Want to ride the bull market? Here’s how you can do by Graham-and-Buffett way
To scout for value stocks we must first understand what “value” stands for.
For finance academics and most finance professionals a “value stock” is a stock which has either a low price-to-book ratio or low price-to-earnings ratio or low price multiples of other fundamentals, such as, sales, cash flow, EBIT etc.
Albeit generally accepted as the definition of “value”, this is not true to value investing principles of “Graham-and-Buffettsville”. (Graham-and-Buffettsville is a hypothetical intellectual village populated by investors who believe in the value investing principles as enunciated by Warren Buffett and his guru Benjamin Graham.)
The Graham-and-Buffettsville definition of a “value stock” is a stock which is available at a “significant discount” to “intrinsic value”. Intrinsic value of a stock is the value of the equity of that company based on a discounted cash flow analysis.
“Significant discount” is a discount anywhere from 20% to 80% from the conservatively estimated intrinsic value of the stock.
This definition is able to filter out low quality companies which might not be a “value” even at low price to book ratios. Further, it also allows high quality companies which might be a good value even at seemingly higher price to book ratios.
The screening process by which we can create a pool of better companies is as follows:
Step 1: Filter our all companies with sales less than INR 250 crores. Companies with sales lower than this are very small companies and might not have the business stability and access to finance that is required for a safe investment. So we will select companies with sales equal to or greater than INR 250 crores.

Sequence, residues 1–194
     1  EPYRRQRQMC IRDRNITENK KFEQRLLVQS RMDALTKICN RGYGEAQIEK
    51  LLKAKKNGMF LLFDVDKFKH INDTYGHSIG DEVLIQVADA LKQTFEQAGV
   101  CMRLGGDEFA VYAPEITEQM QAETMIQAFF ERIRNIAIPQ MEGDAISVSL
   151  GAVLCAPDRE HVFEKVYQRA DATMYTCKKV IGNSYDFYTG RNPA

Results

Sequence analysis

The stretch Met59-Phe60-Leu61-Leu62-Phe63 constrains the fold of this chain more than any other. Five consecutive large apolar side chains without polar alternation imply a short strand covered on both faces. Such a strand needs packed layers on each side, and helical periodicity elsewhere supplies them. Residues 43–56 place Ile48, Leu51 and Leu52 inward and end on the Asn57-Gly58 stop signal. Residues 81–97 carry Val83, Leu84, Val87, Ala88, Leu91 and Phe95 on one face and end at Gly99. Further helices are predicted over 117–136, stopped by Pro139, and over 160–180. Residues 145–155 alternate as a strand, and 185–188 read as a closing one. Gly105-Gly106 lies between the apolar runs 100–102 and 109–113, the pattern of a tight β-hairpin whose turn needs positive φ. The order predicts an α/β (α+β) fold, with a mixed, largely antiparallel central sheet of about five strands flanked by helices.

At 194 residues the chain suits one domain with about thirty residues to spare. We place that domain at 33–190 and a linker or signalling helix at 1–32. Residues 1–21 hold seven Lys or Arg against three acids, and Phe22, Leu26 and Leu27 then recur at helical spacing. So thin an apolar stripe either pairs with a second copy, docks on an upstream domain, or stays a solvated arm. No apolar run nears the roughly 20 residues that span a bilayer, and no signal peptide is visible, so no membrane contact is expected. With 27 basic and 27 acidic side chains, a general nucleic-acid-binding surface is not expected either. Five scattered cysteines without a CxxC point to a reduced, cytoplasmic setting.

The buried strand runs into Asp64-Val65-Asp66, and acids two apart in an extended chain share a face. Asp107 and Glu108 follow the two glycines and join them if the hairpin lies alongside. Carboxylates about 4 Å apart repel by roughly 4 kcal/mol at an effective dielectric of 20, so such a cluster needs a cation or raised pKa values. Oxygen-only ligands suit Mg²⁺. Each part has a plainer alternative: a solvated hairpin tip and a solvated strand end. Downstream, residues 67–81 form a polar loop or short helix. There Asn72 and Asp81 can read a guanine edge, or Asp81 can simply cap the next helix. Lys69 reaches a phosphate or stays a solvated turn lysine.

Step 2: Filter out all companies with debt to equity greater than 30%. Companies with low leverage are safer.
Step 3: Filter out all companies with interest coverage ratio of less than 4. Companies with high interest coverage ratio are good.
Step 4: Filter out all companies with ROE less than 15% since they are earning less than their cost of capital.
Step 5: Filter out all companies with PE ratio greater than 25 since they are too expensive even for a high quality company.
From the remaining pool of companies one can now start evaluating one by one. However, if this pool is still very large one can start making the filters more stringent.
One can look at companies larger than sales of INR 500 crores or even 1000 crores. One can look at zero debt companies. One can look at ROE >20% and one can look at PE ratio less than 20 and price-to-book less than 1.5.
From a pool of about 25 or so companies one can start picking companies by reading their annual reports and their corporate profiles on their websites. Specifically, one is trying to understand:
*their lines of business, i.e. the sectors and industries that they participate in
*their product or service lines, i.e. their primary revenue streams
*their geographic exposure, i.e. where do they primarily sell
*their customer segments, i.e. who buys from them and why
One should be able to understand the product-customer mix, the business model, i.e. what are the margin drivers and profitability drivers. One should be able to understand their market share and competitive strengths in the market place including their primary competitors and peers.
Looking at the past several years of sales and profits over a full business cycle, i.e. in good macro-economic conditions and bad ones, one should be able to estimate their normal sales and earnings. Using that one should be able to do a reasonable estimate of their intrinsic value and evaluate whether a company is available at a significant discount and consequently whether that investment enjoys a margin of safety.
A portfolio of 10-15 such picks should provide one with “satisfactory returns” (in the words of Graham) if held for a more than a year and rebalanced periodically on a long-term holding basis.
(The author is Executive Vice President, Traded Markets and Investment Research, ArthVeda Fund Management Pvt. Ltd. (www.arthvedacapital.com). Views and recommendations expressed in this section are his own and do not represent those of EconomicTimes.com.)